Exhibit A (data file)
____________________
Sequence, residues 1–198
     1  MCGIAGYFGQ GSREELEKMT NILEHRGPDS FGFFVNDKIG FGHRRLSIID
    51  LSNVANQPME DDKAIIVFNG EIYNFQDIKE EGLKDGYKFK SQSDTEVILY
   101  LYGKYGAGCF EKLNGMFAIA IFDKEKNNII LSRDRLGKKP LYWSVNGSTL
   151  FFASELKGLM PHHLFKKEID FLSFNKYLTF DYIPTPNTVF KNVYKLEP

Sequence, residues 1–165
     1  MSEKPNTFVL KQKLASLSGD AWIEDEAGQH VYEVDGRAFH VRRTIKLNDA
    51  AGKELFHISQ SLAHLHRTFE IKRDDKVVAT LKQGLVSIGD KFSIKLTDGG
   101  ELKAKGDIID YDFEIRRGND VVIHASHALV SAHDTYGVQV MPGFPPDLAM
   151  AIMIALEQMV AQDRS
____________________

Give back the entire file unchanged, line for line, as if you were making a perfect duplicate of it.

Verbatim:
Sequence, residues 1–198
     1  MCGIAGYFGQ GSREELEKMT NILEHRGPDS FGFFVNDKIG FGHRRLSIID
    51  LSNVANQPME DDKAIIVFNG EIYNFQDIKE EGLKDGYKFK SQSDTEVILY
   101  LYGKYGAGCF EKLNGMFAIA IFDKEKNNII LSRDRLGKKP LYWSVNGSTL
   151  FFASELKGLM PHHLFKKEID FLSFNKYLTF DYIPTPNTVF KNVYKLEP

Sequence, residues 1–165
     1  MSEKPNTFVL KQKLASLSGD AWIEDEAGQH VYEVDGRAFH VRRTIKLNDA
    51  AGKELFHISQ SLAHLHRTFE IKRDDKVVAT LKQGLVSIGD KFSIKLTDGG
   101  ELKAKGDIID YDFEIRRGND VVIHASHALV SAHDTYGVQV MPGFPPDLAM
   151  AIMIALEQMV AQDRS